TWO little girls who became best friends after both losing a kidney to cancer celebrated beating the disease at Scotland’s biggest Race for Life yesterday.
Brave four-year-olds Ava Campbell and Evie Gilroy held hands and sounded the airhorn together to send around 9,000 runners off on the 5K course at Glasgow Green to raise vital funds for Cancer Research UK.
The girls, whose inspirational friendship began after they first met in hospital, were chosen as VIPs to kick off the Race for Life event.
It was a special moment for the families of the girls, who were both treated at Glasgow’s old Yorkhill Hospital, now the Royal Hospital for Children. Ava and Evie endured months of treatment but also celebrated together after they both got the all-clear.
Ava’s mum Lindsay Campbell, 30, of Coatbridge, Lanarkshire, said: “We’re so proud of our girls.
“They’ve amazed us with how resilient and brave they’ve been, both dealing with surgery and then some pretty nasty treatment.
“They may have lost their hair, but they didn’t lose their determination. No parent ever wants to go through what we have, but making friends under the most horrible of circumstances has really helped us all through.
“Every penny raised at Race for Life will go towards helping families like ours and that’s so important. It’s the only way we can hope to find a cure.”
Ava was diagnosed last summer with a Wilms’ tumour, a type of kidney cancer that affects around 80 children in the UK every year.
Doctors found the tumour in her right kidney after symptoms including blood in her urine.
Little Evie, of Lesmahagow, Lanarkshire, was diagnosed only months earlier in April 2015 after mum Yvonne, 38, a community staff nurse, saw a spot of blood on her underwear at bedtime.
Evie needed four cycles of pre-surgery chemo before an operation to remove her right kidney, due to the extent of her tumour, last July.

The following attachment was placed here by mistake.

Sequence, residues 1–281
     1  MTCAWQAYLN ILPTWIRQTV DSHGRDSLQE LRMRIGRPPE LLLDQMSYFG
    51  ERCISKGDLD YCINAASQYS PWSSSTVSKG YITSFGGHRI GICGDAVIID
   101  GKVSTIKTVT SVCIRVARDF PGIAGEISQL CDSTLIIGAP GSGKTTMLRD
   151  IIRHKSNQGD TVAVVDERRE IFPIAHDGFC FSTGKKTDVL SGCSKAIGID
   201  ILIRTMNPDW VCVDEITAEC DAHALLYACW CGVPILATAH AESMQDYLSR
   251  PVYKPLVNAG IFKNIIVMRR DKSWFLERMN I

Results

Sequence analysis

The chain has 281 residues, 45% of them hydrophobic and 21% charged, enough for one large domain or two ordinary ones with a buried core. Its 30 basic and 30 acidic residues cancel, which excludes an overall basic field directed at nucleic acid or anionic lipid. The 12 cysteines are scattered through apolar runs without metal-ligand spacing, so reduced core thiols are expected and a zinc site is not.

When the girls were first introduced in the playroom of the hospital, Ava was yet to have her surgery to remove her right kidney and Evie was just recovering from her operation.
Side effects of chemotherapy meant both girls lost their long blonde hair during treatment but both wore Disney princess headbands with faux ponytails attached despite having lost their own hair.
Yvonne, also mum to two-year-old Abbey, said: “The girls hit it off immediately.
“When I got talking to Ava’s parents, I discovered what they were going through was very similar to how my husband Andrew and I were feeling. It was so nice to see the girls playing together.
“Before long the girls were pleading with us to visit each other’s hospital rooms to play. What they were going through was horrible, but at least they each had a friend who was facing the same thing.
“When Evie’s hair began to come out in clumps I asked her if it would be okay to shave it and she said yes. No mum wants to have to do that for their little girl.
“I had a lump in my throat when she turned round smiling at the end and said ‘look mummy, now I’m just like all the other boys and girls in hospital’. I know that part was hard on my husband too.”
A scan last October brought mortgage advisor Lindsay and husband Chris, 30, a tattoo artist, the news they’d been hoping for when Ava got the all clear.
Yvonne and husband Andrew, 35, a farmer, got the same reason to celebrate when Evie was told she was cancer free two months later in December.
Both girls are now looking forward to starting school in August, Ava at Kirkshaws Primary in Coatbridge and Evie at Milton Primary in Lesmahagow. Despite living miles apart, they’ll remain firm friends.
Lindsay, also mum to Abhy, eight, and stepmum to Aimee, 10, added: “We go to each other’s houses all the time and it’s lovely for the girls to catch up. As well as them making friends, Yvonne and I have a nice bond too.
“No-one can know what it’s like having a child with cancer unless you’ve been through it and Yvonne and I understand each other. Because Evie’s diagnosis was before Ava’s, Yvonne could tell me what to expect and she was such an amazing support.”
Earlier, Yvette Hutcheson, 29, of Glasgow who completed treatment for breast cancer just 48 hours ago on Friday afternoon (May 20) was chosen to go on stage at Glasgow Green to rally a sea of pink ladies ahead of the Race.
Yvette stood shoulder to with her mum Jacqueline Hutcheson,52, two sisters Gemma Bradley,22, Siobhan Bradley,21, and pals including best friend Dawn Gillespie, 29, united by a determination to beat cancer sooner.
Yvette who vowed to dance her way around the 5K course even signed up her Lhasa Apso pet dog Scout to do Race for Life Glasgow.